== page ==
Barry FitzGerald writes his legendary Garimpeiro resources column weekly for Stockhead:

Silver Mines (ASX:SVL) has added an exciting exploration leg to its story while it waits for an inevitable upturn in silver prices to underpin the development of its Bowdens project near Mudgee in NSW.

Bowdens is the biggest undeveloped silver deposit in Australia with a mineral resource of 163 million ounces, or 275 million oz if the zinc and lead in the deposit is given a silver value.

A feasibility study in to its development was completed in June and indicated all-in sustaining costs of production of $US12.94 an oz.

With silver at $US20/oz or $USUS30/oz that would be great.

But silver has slid from last year’s average of $US17.05/oz to $USUS14.77/oz last week, prompting Silver Mines to “park’’ the project for the time being.

While it is parked, Silver Mines will continue to move the project through the environmental and planning approval process so that when silver does turn, Bowdens will be ready to go.

Silver was widely tipped earlier this year to be a star performer on the basis that growth in its use in electronics and solar panels would increase the supply deficit, estimated at 27 million oz in 2017 by the Silver Institute.

But the “poor man’s gold” has been dragged lower in unison with gold’s sharp retreat in response to trade wars fears driving the US dollar higher.

Here’s a graph showing the price of silver over the past five years:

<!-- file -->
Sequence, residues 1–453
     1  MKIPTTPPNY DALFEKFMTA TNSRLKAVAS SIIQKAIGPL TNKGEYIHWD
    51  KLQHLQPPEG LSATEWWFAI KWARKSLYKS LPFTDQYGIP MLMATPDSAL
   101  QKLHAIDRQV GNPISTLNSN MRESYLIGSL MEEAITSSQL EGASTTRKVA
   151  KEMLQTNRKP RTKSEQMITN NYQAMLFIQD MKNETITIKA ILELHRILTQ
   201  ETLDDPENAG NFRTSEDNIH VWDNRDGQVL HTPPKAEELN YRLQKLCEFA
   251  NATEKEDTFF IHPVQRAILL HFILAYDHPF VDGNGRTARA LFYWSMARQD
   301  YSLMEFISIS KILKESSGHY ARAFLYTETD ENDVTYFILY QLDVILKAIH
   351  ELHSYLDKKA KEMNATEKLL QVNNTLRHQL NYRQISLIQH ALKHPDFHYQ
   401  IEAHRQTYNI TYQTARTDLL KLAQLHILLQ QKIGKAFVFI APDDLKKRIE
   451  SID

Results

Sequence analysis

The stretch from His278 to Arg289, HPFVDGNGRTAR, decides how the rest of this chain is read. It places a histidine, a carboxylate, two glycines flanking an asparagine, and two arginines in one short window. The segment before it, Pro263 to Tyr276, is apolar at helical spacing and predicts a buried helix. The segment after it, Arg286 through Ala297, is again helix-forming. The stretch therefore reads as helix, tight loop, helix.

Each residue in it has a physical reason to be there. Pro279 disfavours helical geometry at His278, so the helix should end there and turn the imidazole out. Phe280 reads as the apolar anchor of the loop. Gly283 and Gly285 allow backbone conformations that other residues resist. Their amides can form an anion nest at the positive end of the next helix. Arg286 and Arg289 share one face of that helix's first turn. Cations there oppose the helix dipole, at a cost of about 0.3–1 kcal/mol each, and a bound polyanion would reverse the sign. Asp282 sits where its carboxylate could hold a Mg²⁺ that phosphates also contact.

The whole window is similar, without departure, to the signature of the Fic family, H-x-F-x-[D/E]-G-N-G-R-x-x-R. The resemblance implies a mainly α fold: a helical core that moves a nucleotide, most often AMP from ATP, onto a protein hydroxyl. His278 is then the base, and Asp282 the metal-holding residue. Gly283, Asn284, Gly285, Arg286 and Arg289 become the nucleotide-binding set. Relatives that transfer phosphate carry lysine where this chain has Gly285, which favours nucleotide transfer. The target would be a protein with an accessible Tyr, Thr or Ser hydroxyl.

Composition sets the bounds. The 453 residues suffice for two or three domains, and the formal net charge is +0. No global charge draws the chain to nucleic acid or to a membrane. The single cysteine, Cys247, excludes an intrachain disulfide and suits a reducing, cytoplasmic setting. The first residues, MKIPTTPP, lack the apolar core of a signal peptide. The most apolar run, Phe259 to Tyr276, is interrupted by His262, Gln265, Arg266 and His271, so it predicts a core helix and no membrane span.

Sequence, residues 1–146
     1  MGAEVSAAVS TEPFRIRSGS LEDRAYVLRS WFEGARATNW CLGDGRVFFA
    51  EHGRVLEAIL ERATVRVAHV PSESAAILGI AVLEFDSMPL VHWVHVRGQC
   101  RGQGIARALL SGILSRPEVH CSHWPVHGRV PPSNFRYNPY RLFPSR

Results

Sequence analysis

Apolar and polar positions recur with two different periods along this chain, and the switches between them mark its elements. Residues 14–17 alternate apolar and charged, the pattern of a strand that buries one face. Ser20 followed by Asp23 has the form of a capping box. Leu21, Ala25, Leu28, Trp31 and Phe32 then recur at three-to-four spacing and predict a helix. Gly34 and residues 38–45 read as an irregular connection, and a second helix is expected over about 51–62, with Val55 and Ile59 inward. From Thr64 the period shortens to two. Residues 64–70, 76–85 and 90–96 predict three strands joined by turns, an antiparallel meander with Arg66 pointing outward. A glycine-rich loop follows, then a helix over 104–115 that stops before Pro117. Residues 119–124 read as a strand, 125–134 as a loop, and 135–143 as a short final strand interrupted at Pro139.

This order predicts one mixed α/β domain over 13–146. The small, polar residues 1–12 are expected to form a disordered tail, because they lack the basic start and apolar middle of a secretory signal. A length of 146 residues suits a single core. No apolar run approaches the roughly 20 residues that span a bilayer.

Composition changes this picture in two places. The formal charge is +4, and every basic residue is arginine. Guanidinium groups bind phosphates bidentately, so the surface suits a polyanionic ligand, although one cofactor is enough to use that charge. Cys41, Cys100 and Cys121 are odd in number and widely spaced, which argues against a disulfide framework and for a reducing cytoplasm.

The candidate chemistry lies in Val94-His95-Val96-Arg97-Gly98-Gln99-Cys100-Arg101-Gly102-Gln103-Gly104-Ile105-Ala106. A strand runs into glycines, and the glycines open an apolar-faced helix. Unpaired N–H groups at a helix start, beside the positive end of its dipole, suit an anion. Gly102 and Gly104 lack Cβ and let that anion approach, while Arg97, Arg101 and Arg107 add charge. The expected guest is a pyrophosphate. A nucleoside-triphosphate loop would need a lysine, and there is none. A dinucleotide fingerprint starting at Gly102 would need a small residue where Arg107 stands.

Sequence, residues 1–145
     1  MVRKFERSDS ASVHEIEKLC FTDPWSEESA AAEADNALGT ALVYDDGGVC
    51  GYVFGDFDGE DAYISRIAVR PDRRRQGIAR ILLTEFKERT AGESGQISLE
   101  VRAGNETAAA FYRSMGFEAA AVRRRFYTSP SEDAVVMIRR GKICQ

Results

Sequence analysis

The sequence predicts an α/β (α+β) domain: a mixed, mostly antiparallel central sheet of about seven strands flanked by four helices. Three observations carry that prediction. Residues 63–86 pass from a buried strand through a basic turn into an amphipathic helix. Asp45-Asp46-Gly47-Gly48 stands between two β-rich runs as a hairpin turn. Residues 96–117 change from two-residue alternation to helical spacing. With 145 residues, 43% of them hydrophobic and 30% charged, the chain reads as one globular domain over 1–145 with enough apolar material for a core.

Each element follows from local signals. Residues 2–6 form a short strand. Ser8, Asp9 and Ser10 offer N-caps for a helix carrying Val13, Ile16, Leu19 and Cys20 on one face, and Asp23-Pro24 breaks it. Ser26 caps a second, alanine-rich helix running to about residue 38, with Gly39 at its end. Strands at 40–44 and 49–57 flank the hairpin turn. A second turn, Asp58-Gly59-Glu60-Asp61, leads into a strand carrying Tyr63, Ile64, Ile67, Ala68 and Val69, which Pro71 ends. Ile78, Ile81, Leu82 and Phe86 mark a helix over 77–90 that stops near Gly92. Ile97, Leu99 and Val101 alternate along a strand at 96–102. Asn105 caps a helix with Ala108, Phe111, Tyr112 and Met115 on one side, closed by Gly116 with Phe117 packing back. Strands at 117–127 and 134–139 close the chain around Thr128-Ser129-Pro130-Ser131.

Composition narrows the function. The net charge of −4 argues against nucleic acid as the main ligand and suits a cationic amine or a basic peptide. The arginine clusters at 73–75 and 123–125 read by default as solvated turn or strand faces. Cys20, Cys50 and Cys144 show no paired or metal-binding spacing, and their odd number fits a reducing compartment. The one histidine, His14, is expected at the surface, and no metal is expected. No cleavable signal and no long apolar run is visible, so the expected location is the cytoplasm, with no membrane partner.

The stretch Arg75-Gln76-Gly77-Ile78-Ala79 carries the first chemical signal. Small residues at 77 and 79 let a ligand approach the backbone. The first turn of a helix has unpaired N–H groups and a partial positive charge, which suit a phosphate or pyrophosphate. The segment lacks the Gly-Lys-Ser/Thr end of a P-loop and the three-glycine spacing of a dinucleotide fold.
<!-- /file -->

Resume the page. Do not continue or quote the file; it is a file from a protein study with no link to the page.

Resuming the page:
The price of silver over the past five years
The price of silver over the past five years


Silver Mines managing director Tony McClure told Stockhead that while Bowdens is parked up, it remains an asset that is “going to be worth a lot of money one day when we have got a positive silver environment.

“And when silver does come back it always comes back very strongly. I think we are close to the bottom the silver cycle now,’’ McClure said.

Silver Mines last traded at 2.9c for a market cap of $18.5m after including shares in the recent $3.84 million entitlements issue at 3c a share.

It could be argued that Bowdens more than covers the market cap, with nothing in the share price yet for the regional exploration program Silver Mines kicks off next month.

The exploration focus is the Barabolar copper-gold (and other metals) prospect, about 10km north-west of Bowdens. It stretches from the historic Bara silver mine in the south to the Botobolar molybdenum workings to the north.

Barabolar sits in older rocks than Bowdens on the lightly explored eastern limb of the Macquarie Arc/Lachlan Fold Belt, the host of world-class deposits like Cadia/Ridgeway (gold-copper), Cowal (gold) and Northparkes (gold-copper).

‘Super exciting’

Proceeds from the entitlements issue are earmarked for the exploration push which has McClure, a veteran geologist with more than 30 years’ experience, as excited as they come.

“It’s the main play for the company right now. It is a super exciting exploration project. It has certainly surpassed our expectations from when we first we went up there,’’ McClure said.

Anglo American sniffed around the area in the 1970s but there have been no previous drill holes in to the three priority copper-gold targets worked up by Silver Mines with the latest exploration techniques.

Kia Ora is a porphyry target sitting below extensive skarn mineralisation. Kia Ora West is a buried copper target and Cupola is an intrusive copper target.

“We are not saying we have got another Cadia/Ridgeway, it’s way too early for that. But what we are saying is this is a very substantial system with copper anomalism,’’ McClure said.

Initially at least, Barabolar is to be put to the test with 7500m of drilling which is likely to start in mid-September.